The world’s first colour photograph
This is how it all began. In 1855 the renowned Scottish physicist James Clerk Maxwell gave a lecture to the Royal Society, where he argued how the three-colour principle of colour vision might be applied to create colour photography. Maxwell said:
Let it be required to ascertain the colours of a landscape by means of impressions taken on a preparation equally sensitive to rays of every colour. Let a plate of red glass be placed before the camera and an impression taken. The positive of this will be transparent whenever the red light has been abundant in the landscape and opaque where it has been wanting. Let it now be put in a magic lantern along with the red glass and a red picture will be thrown on the screen. Let this operation be repeated with a green and a violet glass, and by means of three magic lanterns let the three images be superimposed on the screen. The colour of any point on the screen will then depend on that of the corresponding point of the landscape, and by properly adjusting the intensities of the lights, etc., a complete copy of the landscape, as far as visible landscape is concerned, will be thrown on the screen.
Maxwell here laid down the principles for three-colour additive photography. Using filters for the primary colours of red, green and blue in combination with monochrome photography to create three separate records would result in a full colour reproduction when those three versions of the same image were brought together.
The additive colour principle
In 1861 at the Royal Institution Maxwell demonstrated the practical results of his theory, photographing a tartan ribbon through red, green and blue filters (using a very long exposure), then placing the three positive transparencies in three magic lanterns and projecting the images in synchronisation through the same colour filters (the actual photographs were taken for him by Thomas Sutton, editor of Photographic News). Maxwell’s image is therefore the world’s first colour photograph. This was of course before sensitising emulsions had been discovered, and Maxwell was using photographic plates that were insensitive to red light. However, a much later recreation of the experiment (1960) showed that both red filter and ribbon emitted ultraviolet rays, which made an impression on the photographic plate, resulting in an approximately true colour photograph.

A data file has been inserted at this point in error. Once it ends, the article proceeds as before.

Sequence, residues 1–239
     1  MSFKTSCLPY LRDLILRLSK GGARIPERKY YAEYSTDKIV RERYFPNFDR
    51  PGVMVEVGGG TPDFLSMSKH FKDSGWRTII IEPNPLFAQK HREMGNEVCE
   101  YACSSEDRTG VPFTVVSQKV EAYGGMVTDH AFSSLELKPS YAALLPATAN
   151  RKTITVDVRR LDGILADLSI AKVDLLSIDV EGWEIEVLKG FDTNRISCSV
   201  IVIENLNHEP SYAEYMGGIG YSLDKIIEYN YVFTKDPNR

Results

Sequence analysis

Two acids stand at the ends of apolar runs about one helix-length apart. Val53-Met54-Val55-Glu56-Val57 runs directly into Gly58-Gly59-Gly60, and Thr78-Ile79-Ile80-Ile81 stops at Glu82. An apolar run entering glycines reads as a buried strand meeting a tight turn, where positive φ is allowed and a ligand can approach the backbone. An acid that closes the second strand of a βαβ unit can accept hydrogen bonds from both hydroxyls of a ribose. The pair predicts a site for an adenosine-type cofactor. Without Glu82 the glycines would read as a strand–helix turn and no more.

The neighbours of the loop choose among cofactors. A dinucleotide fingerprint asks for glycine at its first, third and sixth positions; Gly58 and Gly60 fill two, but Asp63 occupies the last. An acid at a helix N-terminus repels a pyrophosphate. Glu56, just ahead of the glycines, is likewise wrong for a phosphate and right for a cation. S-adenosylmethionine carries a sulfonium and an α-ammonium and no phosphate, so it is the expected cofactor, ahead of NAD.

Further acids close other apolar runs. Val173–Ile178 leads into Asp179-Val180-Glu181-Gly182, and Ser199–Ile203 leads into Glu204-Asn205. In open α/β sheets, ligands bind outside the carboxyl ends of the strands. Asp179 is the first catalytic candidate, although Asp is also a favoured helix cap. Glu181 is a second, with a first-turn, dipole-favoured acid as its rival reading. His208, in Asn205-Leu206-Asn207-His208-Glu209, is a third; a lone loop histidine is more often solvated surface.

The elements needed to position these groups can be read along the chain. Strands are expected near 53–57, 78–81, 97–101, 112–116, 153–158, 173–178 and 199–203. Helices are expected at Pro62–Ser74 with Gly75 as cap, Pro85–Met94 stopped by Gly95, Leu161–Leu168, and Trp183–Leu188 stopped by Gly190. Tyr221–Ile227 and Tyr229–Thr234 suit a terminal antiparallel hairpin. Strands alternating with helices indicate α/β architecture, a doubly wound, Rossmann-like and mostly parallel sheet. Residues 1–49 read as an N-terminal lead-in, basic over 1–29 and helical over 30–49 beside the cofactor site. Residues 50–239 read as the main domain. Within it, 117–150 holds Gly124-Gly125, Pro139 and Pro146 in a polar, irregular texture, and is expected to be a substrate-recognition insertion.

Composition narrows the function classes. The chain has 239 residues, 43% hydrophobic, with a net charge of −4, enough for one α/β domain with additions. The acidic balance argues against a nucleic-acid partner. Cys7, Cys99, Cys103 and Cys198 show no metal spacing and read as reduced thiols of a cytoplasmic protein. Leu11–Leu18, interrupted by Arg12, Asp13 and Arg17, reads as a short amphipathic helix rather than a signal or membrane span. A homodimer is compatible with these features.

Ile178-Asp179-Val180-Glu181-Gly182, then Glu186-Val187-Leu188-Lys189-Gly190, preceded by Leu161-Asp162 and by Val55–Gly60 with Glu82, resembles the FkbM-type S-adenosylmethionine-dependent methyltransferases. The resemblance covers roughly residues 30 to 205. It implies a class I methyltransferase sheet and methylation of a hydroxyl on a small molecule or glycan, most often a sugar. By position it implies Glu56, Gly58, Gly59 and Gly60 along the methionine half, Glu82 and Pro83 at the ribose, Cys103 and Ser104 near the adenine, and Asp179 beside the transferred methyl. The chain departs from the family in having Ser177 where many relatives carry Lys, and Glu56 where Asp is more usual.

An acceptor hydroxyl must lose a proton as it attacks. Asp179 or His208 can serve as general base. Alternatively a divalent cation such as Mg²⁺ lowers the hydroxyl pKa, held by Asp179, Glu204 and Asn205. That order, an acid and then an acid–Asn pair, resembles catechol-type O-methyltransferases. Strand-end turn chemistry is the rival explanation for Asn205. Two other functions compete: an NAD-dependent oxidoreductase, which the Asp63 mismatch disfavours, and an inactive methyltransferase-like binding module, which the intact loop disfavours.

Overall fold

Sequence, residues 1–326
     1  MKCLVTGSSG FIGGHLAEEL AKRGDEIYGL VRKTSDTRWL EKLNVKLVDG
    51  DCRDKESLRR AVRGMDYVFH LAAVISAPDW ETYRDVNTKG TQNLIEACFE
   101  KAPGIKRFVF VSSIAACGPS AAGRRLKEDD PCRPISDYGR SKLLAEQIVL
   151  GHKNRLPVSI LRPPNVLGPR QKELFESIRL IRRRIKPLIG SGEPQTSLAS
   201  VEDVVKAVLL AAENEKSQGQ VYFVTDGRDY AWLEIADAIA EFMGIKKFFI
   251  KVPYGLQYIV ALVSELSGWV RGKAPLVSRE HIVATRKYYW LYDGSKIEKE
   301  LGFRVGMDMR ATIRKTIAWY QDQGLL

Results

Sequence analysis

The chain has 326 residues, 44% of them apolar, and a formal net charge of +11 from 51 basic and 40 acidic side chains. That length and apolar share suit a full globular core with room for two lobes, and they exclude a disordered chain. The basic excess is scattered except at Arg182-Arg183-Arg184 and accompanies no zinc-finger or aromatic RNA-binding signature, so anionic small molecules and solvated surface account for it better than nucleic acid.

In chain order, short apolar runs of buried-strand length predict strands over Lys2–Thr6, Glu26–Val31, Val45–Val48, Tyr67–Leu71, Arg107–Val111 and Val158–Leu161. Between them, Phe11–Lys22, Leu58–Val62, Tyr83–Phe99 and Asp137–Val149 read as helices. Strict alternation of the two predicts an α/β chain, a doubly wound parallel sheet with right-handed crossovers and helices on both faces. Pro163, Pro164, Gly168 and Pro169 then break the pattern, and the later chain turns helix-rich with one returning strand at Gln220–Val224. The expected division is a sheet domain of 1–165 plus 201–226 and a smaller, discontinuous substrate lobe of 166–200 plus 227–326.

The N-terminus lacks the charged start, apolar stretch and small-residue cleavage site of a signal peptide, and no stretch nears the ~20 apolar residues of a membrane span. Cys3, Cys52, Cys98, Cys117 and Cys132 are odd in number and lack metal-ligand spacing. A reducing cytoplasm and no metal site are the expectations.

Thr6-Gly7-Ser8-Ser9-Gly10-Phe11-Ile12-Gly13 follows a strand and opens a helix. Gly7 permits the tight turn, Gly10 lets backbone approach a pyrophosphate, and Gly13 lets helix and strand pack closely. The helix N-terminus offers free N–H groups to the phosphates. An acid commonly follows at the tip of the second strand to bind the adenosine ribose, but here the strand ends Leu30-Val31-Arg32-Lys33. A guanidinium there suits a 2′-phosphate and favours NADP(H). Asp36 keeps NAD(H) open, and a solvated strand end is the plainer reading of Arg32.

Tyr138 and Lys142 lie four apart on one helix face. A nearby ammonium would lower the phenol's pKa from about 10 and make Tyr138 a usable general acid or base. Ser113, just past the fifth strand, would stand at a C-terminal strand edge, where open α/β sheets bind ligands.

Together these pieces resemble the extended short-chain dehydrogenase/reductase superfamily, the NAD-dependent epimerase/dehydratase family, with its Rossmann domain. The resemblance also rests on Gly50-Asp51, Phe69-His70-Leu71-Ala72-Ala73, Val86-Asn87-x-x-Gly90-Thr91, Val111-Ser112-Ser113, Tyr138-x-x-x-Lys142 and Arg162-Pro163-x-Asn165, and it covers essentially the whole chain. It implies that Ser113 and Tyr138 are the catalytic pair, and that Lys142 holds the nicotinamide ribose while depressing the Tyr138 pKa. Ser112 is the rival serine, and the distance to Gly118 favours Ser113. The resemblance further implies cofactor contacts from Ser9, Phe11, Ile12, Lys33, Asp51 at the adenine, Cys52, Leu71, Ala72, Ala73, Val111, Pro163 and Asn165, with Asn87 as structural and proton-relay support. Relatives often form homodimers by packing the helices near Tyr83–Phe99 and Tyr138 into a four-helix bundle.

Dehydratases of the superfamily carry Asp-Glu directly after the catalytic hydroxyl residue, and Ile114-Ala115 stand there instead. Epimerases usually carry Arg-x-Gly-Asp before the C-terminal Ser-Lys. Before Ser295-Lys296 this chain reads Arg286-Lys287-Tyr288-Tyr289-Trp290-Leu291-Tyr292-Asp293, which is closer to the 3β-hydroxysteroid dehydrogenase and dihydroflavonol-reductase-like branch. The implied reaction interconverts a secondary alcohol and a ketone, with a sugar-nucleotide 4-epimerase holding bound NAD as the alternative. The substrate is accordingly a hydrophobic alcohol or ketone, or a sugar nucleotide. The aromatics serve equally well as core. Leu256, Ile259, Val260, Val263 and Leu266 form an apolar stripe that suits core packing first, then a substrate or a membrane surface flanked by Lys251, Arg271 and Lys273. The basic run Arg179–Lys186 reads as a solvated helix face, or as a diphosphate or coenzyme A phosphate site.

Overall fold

It is from Maxwell’s theorising and practical example that we can trace the history of colour cinematography, and it is the starting point for the Bioscope’s year-long series on colour in the silent era. It had of course been the dream of those involved in the early years of photography to come up with a means of capturing colour, and assorted methods of adding artifical colours to photographs were employed throughout the nineteenth century. However, true colour was the goal, and various efforts were made to record colour directly in the same way that monochrome photography operated.
It was Maxwell’s experiment that demonstrated an indirect, practical solution – taking the three primary records, red, green and blue, and adding them together (hence the term ‘additive’), working on principles of colour vision developed early in the nineteenth century by Thomas Young. Other scientists then followed, refining Maxwel’s ideas, including Louis Ducos Du Hauron, Charles Cros and H.W. Vogel (who in the 1870s and 1880s discovering methods of greatly sensitising photographic plates to different colours). But most significant in the stages of experimentation that would eventually lead not only to a practical system of colour photography but for colour cinematography as well was Frederic Ives, who will be the subject of part two of this series.
Brian Coe, Colour Photography: The First Hundred Years 1840-1940
Jack H. Coote, The Illustrated History of Colour Photography
Luke: A good start and a good explanation of the additive process.
Joe Thompson ;0)
That is really incredible! The color pictures have been around for a very long time and used to be rare in the 19th and early 20th century, the opposite is true today (although color and black and white pictures do co-exist).